November 13, 2017

Ethanol Simplified

Q: Are we really using food to make fuel?

A: No. The corn used to make ethanol is not the sweet corn humans typically eat. Some 99% of the corn grown in Nebraska is field corn, which is used primarily for livestock feed and ethanol production. Field corn is rarely used for human food, but through processing it is transformed into fuel, meat, milk, eggs and food ingredients. ONE BUSHEL OF FIELD CORN CREATES FUEL, FEED, FOOD AND MORE!

Renewable Fuel- The starch from a bushel of corn produces about three gallons of clean-burning, high octane ethanol. Some ethanol plants are also producing renewable diesel fuel for trucks and heavy equipment.

Animal Feed- Once the starch is removed to make ethanol, the remaining components of the corn kernel are used to make high-quality animal feed. This feed goes to beef cattle, dairy cows, pigs and poultry to create nutritious meat, milk and eggs.

Food Ingredients- Ethanol plants also produce corn oil (used in hundreds of food products) and carbon dioxide used in bottling and carbonated beverages.

Green Chemicals- Ethanol plants are developing technology to create environmentally-friendly chemicals that replace petroleum-based products.

Q: How much water does it take to make ethanol? 

A: An ethanol plant uses about three gallons of water to produce one gallon of ethanol. And that water is used with incredible—and increasing—efficiency. Most of the water in an ethanol plant is recycled and reused within the plant for additional production, cooling and other processes. A significant percentage of the water leaves the ethanol plant in the form of distillers grains (livestock feed). That water is taken up by the animals, supplementing their water requirements. The rest of the water re-enters the atmosphere in the form of steam from the boilers and other equipment.

Q: Is the ethanol industry subsidized? 

A: There are no federal or state programs that provide direct payments or subsidies to ethanol producers. Congress passed the Renewable Fuels Standard (RFS) in 2005 and 2007 requiring a specific volume of transportation fuel in the United States fuel supply to contain renewable fuels such as corn ethanol, biodiesel, and ethanol made from cellulosic sources such as cornstalks, switchgrass and wood waste. The RFS was passed in order to provide market access for domestically produced renewable fuels in a fossil fuel-dominated marketplace, reduce our reliance on imported oil and spur economic development—especially in rural areas of the United States. All of those goals continue to be achieved through the RFS.

Q: Does ethanol improve air quality?

A: When the American Lung Association recommends the use of renewable fuel such as American Ethanol, you can be pretty sure that improved air quality is part of the equation. Toxic emissions and particulate matter from vehicle exhaust are a huge threat to human health—and the use of clean-burning American Ethanol has a significant positive effect on air quality. “Every time you pull up to the pump, you have the opportunity to make a choice for cleaner air,” said Angela Tin, vice president for environmental health for the American Lung Association. “Choosing fuel with American Ethanol is a simple and easy way to help reduce pollution and make the air safer and healthier for you and your family.” According to a 2017 report released by the U.S. Department of Agriculture, greenhouse gas emissions (GHG) associated with corn-based ethanol are about 43% lower than gasoline when measured on an energy equivalent basis. The Alternative Fuels Data Center at the U.S. Department of Energy states: “Using ethanol as a vehicle fuel has measurable greenhouse gas (GHG) emissions benefits compared with using gasoline. Carbon dioxide (CO2) released when ethanol is used in vehicles is offset by the CO2 captured when crops used to make the ethanol are grown.”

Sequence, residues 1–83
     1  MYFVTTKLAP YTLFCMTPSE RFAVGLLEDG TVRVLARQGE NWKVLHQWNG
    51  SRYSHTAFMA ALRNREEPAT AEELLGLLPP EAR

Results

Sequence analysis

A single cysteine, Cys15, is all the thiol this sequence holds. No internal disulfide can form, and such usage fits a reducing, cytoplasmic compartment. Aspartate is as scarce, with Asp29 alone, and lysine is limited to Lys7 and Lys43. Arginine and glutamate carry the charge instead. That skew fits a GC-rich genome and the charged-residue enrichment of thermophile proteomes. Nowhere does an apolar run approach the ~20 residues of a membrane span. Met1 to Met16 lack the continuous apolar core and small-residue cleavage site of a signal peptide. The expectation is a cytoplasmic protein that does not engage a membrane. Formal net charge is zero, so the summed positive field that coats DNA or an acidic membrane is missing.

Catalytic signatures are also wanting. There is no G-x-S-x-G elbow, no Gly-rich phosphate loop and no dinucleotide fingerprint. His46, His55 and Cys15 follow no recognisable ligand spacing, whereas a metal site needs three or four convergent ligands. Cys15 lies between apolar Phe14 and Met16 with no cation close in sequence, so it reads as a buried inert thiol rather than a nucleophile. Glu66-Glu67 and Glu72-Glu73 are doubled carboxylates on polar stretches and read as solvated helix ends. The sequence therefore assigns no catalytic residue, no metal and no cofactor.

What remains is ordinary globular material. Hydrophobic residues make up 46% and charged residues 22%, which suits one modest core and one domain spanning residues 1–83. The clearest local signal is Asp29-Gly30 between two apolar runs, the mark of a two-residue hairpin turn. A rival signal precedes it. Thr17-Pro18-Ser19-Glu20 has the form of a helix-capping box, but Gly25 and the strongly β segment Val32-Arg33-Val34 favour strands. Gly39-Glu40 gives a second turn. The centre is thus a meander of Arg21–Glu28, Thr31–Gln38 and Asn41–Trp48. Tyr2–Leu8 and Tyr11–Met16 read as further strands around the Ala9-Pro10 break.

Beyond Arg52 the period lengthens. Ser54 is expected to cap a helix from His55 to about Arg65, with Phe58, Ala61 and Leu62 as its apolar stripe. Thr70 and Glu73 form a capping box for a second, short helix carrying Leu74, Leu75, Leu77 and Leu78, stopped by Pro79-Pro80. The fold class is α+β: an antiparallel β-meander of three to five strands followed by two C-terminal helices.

Q: Does making ethanol result in more energy? 

A: A 2015 study by the U.S. Department of Agriculture focused on calculating the “energy balance” of ethanol production—the amount of energy required to produce ethanol compared to the amount of energy that results when that ethanol is produced. The study found, on average, ethanol production resulted in 2.1 BTU to 2.3 BTU of ethanol for every 1 BTU of energy input. In some areas, the energy balance ratio was 4:1! This study took into account the entire cycle of ethanol production—from the energy used to plant, fertilize and harvest corn; transport the corn to the ethanol plant; and process the corn into ethanol. Importantly, the study also provided an energy credit for the distillers grains (livestock feed) produced during the ethanol process. Only the starch in the kernel is used to make ethanol, so it makes sense that ethanol plants get credit for creating more than one product from the corn they use. Ethanol plants are continually squeezing even more ethanol out of each kernel, reducing water and energy use, and creating more products from a bushel of corn. And corn farmers are continuing to grow more corn per acre, with less water and less fertilizer. So we can surmise that the energy balance of ethanol production will only continue to improve.

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